Another area where Kizumonogatari sets itself apart from previous Monogatari entries was in its heavy use of CG, albeit with mixed results. The most detrimental case of CG in the film is the use of CG character models. It isn't a glaring issue, but every once and a while in distant shots, when the character's motion is harder to make out, characters will suddenly be animated in CG rather than 2D animation. It's not especially common in the film, and one could likely miss it if they weren't paying close attention, but once I noticed it I had difficulty not being bothered by it. It doesn't seem at all necessary, it stands out like a sore thumb, and they're just ugly and stiffly animated. Plus, it comes off like a cheap tactic to avoid doing certain cuts at unusual, typically far off angles, expecting no one to notice.

Kizumonogatari's CG backgrounds, however, I actually quite liked. My favorite uses of CG in 2D anime is when it's used to accomplish that not possible with 2D animation, and the film's backgrounds are an excellent example of that. The "camera" of Kizumonogatari is constantly moving, swooping around characters as they move, rising, falling, and spinning, allowing for greater freedom of movement in the film's cinematography than ever possible in the series' past. And it makes for some really cool shots, following around characters as they walk or rotating around characters or backgrounds for dramatic effect. The backgrounds are jarring at first, as they often contrast noticeably with the chracters. I do feel that disparity between the characters and world does serve the tone of the film in a way, the world around Araragi being so unnatural and separated does fit with the film's already surreal and unsettling aesthetic, along with Araragi's mental state, being dragged into an unknown world he doesn't understand. But still, it could have been integrated better as it still comes off as awkward the way flat characters appear to glide along 3-dimensional spaces.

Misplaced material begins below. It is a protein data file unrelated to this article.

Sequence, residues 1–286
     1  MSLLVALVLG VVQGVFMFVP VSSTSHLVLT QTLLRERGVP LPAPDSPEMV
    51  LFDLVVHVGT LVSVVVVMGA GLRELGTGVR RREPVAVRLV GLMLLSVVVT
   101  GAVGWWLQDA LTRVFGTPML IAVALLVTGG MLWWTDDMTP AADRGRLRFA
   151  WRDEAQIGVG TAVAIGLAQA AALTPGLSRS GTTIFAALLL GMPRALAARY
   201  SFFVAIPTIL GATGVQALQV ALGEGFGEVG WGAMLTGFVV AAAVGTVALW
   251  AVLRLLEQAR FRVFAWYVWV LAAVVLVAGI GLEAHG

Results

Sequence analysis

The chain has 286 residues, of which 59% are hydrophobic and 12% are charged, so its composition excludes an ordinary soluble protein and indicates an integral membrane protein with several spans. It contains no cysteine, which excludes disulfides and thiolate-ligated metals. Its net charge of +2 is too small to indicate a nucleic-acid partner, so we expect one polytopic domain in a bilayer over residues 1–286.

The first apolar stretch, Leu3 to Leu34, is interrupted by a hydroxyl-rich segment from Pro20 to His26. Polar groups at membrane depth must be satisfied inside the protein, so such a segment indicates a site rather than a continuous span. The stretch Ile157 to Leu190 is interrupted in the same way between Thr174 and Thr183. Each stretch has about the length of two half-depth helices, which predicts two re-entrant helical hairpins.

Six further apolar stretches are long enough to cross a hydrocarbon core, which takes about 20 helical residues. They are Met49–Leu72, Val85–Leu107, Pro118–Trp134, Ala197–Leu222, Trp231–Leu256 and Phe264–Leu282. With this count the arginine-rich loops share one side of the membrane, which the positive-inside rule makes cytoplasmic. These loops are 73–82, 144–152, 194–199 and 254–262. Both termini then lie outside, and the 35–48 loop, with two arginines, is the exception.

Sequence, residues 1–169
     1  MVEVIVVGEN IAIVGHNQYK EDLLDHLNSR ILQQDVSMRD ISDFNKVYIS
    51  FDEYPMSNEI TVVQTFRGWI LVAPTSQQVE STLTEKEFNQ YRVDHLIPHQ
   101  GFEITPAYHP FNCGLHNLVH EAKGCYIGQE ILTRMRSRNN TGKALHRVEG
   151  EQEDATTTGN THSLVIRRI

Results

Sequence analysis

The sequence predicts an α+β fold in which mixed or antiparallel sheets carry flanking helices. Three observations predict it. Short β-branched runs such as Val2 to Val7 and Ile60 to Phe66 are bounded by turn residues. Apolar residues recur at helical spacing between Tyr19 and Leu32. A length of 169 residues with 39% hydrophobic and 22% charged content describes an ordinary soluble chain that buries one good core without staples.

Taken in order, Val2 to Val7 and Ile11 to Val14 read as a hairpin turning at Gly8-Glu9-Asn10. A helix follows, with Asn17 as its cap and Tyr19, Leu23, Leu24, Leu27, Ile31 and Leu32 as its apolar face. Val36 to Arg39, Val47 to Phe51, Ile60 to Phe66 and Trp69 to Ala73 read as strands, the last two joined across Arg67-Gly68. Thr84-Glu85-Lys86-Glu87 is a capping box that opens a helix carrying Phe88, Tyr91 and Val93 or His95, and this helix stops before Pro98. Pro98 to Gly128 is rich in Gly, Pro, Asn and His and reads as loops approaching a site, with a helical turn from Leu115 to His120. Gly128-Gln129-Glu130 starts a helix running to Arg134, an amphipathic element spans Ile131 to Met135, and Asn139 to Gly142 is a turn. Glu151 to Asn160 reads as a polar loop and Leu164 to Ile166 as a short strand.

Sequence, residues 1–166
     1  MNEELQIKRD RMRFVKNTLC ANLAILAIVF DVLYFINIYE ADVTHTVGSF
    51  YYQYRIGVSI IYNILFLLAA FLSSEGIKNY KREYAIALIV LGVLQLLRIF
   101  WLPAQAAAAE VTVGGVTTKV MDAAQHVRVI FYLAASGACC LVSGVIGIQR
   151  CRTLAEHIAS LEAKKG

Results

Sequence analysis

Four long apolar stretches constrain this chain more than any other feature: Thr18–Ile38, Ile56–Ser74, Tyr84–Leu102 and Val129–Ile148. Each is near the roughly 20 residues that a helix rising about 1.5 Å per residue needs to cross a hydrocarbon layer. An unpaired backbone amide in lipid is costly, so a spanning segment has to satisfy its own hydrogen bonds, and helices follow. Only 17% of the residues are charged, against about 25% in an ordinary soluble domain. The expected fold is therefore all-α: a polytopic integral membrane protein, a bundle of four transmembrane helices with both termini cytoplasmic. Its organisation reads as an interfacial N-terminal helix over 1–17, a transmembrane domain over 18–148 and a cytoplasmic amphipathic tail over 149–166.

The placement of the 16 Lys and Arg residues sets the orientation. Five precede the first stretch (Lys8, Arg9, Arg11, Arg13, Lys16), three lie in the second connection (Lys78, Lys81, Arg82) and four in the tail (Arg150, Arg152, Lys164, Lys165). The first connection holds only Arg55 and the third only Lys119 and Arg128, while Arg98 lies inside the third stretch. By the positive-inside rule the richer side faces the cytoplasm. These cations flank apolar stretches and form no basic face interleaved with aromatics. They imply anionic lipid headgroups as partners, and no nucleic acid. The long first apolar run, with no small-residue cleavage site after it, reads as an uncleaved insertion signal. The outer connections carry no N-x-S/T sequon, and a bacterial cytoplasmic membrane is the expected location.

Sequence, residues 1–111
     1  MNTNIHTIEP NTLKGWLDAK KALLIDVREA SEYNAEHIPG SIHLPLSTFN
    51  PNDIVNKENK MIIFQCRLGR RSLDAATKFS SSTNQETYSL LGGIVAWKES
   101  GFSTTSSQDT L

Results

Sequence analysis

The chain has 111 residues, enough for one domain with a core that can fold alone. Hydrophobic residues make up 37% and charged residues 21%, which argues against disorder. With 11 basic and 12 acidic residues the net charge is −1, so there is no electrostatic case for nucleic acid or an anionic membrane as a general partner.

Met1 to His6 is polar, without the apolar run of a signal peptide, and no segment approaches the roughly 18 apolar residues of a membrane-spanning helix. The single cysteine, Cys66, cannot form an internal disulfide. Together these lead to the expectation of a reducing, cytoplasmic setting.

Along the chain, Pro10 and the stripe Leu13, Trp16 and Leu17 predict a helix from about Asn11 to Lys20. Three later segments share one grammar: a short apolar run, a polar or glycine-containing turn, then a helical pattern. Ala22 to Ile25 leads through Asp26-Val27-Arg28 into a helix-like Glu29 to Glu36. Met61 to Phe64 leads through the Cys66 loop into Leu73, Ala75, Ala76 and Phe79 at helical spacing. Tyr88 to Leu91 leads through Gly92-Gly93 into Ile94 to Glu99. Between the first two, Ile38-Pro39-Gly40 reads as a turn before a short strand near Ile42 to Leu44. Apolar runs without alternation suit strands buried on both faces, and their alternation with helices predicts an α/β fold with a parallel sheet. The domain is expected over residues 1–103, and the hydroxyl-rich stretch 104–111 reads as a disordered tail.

When it comes down to it, Kizumonogatari I: Tekketsu-hen is only the first step in a larger story, carefully setting up the pieces, but not fully utilizing any of its major plot threads just yet. But even then, this first entry in this three part series is still a fun, intriguing, and even thrilling experience that has revitalized the inventiveness of the Monogatari series for the first time in a long time. It boasts incredible animation far beyond any of the series' previous iterations, and a bold new direction for the series in terms of tone and visual storytelling. In addition, long time fans of the series will get a kick out of all the new insights into established series characters, seeing how these earlier forms of their personalities contextualize later conflicts and arcs. Despite its short runtime, the film feels gratifying, while still leaving me wanting more. If you already couldn't stand the Monogatari series' tongue-in-cheek fanservice or heavy focus on dialogue, this entry may not change your mind. But still, it sets itself apart from the series' past in some significant ways while still staying true to what made it work in the first place. So for fans, or anyone up for something weird and different, Kizumonogatari I: Tekketsu-hen is a one-of-a-kind blend of horror, comedy, and character-driven dialogue that sets the trilogy of films off to a promising start.